A March afternoon in Chicago where sunlight pools in from all directions and warms the city’s cold concrete is rare, and the vibe in Little Village matched the day’s warm atmosphere. The building where Yollocalli Arts Reach hosts an artistic safe haven for primarily Latinx high school students is just as vibrant: a vintage building covered in graffiti art with colors like mustard yellow and bubblegum pink. This space, which partners with the Little Village Boys and Girls Club of Chicago, has the kind of energy that only youth can have.
You won’t catch Nikko Washington storytelling through the mic like his Savemoney crew members.
Diana Quiñones Rivera is a filmmaker from Puerto Rico who moved to Chicago in November 2015. While she was a 2016 fellow in Kartemquin Films’ Diverse Voices in Docs program, she lived in Woodlawn for a year before moving to Avondale. Her new short film “D on the South Side,” which was screened in January and February as part of Collaboraction Theatre’s winter festival, deals with her time living in Woodlawn. “It was tough living in Woodlawn,” Rivera said. “I guess I didn’t expect it to be as segregated. I knew it was segregated but I didn’t think it was going to be a place where I would feel uncomfortable, and it [was].” Invited to make the film by the organizers of long-running weekly performance series Salonathon, Rivera’s experience with Woodlawn’s racial dynamics were a good fit with the Collaboration festival, which was titled “Encounter.” Its focus was on “racism and racial healing in Chicago.”
Where does art live?” we asked in last year’s Arts Issue, exploring city initiatives, programs, and arts spaces throughout the South Side. This year, in this collection of reviews, interviews, profiles, photography, and visual art, above all we spotlight the voices of the artists themselves, asking: “Who’s responsible for that life?” Whether it’s the museum docent who introduces art to children from all over the city, the artist-curator starting a conversation about what an artistic community in her neighborhood can be, or the visual artist who emerged from the Savemoney collective, we hone in on the individuals—the everyday and the exceptional, the seasoned veterans and the young up-and-comers—who pinpoint what their communities need and how they can serve them.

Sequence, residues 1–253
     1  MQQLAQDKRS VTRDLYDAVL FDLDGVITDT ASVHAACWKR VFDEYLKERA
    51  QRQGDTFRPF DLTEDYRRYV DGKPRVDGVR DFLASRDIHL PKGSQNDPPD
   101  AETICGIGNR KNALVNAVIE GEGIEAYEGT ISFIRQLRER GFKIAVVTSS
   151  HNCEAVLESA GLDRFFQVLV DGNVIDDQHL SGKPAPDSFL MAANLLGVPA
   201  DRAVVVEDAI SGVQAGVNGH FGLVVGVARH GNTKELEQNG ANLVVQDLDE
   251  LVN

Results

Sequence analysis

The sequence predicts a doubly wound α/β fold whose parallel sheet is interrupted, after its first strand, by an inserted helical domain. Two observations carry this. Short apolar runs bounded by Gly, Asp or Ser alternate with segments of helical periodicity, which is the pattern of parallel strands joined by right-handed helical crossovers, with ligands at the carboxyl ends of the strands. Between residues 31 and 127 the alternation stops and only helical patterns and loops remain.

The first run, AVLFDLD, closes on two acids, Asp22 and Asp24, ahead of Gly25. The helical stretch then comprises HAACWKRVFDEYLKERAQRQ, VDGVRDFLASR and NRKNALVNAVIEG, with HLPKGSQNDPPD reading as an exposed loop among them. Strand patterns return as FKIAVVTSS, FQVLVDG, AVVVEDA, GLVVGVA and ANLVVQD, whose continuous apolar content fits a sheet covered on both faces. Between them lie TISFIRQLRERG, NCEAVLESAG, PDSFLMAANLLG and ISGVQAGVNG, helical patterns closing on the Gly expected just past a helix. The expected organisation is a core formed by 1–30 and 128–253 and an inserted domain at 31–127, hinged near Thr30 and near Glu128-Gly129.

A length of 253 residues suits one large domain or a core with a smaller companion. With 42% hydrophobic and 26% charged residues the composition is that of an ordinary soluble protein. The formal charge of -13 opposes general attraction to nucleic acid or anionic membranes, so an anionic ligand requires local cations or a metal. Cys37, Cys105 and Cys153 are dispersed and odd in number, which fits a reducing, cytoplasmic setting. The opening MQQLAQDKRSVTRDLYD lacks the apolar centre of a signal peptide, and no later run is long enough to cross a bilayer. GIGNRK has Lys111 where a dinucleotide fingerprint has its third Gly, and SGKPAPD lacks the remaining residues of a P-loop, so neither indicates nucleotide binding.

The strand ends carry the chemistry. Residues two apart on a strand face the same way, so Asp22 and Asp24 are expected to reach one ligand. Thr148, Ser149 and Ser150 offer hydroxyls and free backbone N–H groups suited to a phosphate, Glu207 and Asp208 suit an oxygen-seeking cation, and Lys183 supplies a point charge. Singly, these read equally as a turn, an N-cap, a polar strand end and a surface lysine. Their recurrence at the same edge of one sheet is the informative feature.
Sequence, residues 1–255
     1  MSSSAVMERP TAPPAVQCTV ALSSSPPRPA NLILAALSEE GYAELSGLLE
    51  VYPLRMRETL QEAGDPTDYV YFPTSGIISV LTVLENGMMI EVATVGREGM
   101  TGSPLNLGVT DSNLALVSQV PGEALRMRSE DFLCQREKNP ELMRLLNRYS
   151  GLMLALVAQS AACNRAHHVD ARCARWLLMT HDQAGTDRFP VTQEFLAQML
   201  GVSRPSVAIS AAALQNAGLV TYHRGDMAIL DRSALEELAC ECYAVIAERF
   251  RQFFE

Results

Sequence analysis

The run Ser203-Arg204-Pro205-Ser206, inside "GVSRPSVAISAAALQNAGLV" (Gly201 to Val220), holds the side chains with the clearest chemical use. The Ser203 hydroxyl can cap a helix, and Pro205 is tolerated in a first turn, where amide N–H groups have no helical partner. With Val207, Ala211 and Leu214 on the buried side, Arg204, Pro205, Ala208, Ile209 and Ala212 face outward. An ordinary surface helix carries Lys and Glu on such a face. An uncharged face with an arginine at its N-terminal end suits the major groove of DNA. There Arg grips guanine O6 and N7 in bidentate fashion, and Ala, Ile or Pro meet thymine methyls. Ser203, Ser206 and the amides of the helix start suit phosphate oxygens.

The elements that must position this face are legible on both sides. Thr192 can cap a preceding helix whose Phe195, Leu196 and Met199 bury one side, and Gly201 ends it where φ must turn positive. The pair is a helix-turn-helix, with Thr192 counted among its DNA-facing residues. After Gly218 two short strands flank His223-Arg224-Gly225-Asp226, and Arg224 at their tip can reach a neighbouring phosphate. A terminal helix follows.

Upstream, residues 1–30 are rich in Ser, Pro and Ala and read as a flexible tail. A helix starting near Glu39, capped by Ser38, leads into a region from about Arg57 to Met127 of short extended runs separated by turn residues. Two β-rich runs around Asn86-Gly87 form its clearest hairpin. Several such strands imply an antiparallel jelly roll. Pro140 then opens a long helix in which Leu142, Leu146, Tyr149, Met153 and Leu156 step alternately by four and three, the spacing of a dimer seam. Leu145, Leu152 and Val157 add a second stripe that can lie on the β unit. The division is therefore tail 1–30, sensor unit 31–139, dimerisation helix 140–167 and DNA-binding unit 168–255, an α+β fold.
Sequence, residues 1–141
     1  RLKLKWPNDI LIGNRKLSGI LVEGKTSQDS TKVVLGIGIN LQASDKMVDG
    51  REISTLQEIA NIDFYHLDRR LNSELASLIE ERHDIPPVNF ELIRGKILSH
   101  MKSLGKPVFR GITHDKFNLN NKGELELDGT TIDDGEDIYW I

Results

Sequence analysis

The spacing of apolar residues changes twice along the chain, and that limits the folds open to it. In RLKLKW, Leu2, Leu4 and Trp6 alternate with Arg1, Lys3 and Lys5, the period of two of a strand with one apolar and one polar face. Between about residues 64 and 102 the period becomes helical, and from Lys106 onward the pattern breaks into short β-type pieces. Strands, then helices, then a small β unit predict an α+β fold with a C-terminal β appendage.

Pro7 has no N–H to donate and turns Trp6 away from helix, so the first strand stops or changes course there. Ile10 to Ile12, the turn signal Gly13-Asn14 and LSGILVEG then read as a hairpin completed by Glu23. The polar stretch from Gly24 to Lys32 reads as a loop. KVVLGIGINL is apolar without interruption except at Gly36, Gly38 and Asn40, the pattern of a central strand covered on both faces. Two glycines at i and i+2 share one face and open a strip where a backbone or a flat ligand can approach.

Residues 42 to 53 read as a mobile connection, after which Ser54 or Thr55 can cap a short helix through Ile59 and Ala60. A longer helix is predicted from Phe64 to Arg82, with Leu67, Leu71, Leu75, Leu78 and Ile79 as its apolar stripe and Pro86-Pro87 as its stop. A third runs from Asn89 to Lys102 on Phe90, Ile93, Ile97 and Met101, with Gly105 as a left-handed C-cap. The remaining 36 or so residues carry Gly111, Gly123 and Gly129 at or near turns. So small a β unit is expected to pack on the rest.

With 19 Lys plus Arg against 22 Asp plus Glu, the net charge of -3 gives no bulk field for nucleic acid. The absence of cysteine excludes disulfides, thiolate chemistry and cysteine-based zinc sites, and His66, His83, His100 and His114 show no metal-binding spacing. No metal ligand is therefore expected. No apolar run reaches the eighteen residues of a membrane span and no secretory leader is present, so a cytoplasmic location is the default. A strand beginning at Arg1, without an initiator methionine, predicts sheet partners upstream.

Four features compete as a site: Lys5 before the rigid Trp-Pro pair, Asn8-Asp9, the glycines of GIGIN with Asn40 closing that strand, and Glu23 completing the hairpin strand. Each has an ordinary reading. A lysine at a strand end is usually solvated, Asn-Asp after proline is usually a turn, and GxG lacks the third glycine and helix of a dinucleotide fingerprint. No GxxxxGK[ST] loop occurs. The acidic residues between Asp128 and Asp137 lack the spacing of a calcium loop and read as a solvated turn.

As the old cliché goes, artists must “find their voices.” The rap duo Mother Nature, on the other hand, already know what they want to say. The two will waste no time telling you what they stand for: they’re a “badass group of MCs, coming to conquer the world through Black girl genius.”
After one of Katherine Davis’s tours at the Smart Museum, she gathered her group of two dozen students around Emmanuel Pratt’s wooden art installation outside of the main gallery. To evoke a connection between blues music and the art in the museum, Davis led a call-and-response rendition of “Let the Good Times Roll.” It worked. The whole group clapped, sang, and even danced along. Between Davis’s rich voice and her vibrant energy, this was not your ordinary docent-led museum tour.
In the past few years, H.L. Anderson has exhibited work at several galleries throughout the South Side and beyond, from the Bridgeport Art Center to Rootwork in Pilsen to the Chicago Cultural Center. But, her latest endeavor is closer to home—her own H.L. Anderson Arts & Culture Studio in her home base, Washington Heights. She opened the studio in September 2017 with the exhibition “An Angel Called Junebug,” and with the studio, she’s also started conversations about what an arts community in Washington Heights can look like. One of those conversations has resulted in vision boards that she’s set up around the studio.
Two weekends ago, high school poets from across Chicago took to the stage for the finals of the Louder than a Bomb (LTAB) poetry slam, a competition that seeks to engage the city in the “pedagogy of listening,” as Young Chicago Authors marketing manager José Olivarez says. Olivarez has been involved in LTAB since 2005: while he began as a student participant in the festival, he’s now working to make the slam an annual reality.
Daniel Borzutzky’s new poetry collection Lake Michigan slides from the familiar to the fictional in the space of one line, so quickly you might almost miss it. In the collection’s opening poem, “Lake Michigan, Scene 0,” the poet writes, “And the mayor said…we can no longer have empty schools we can no longer have / failing schools we can no longer have public schools we can no longer have public / bodies.”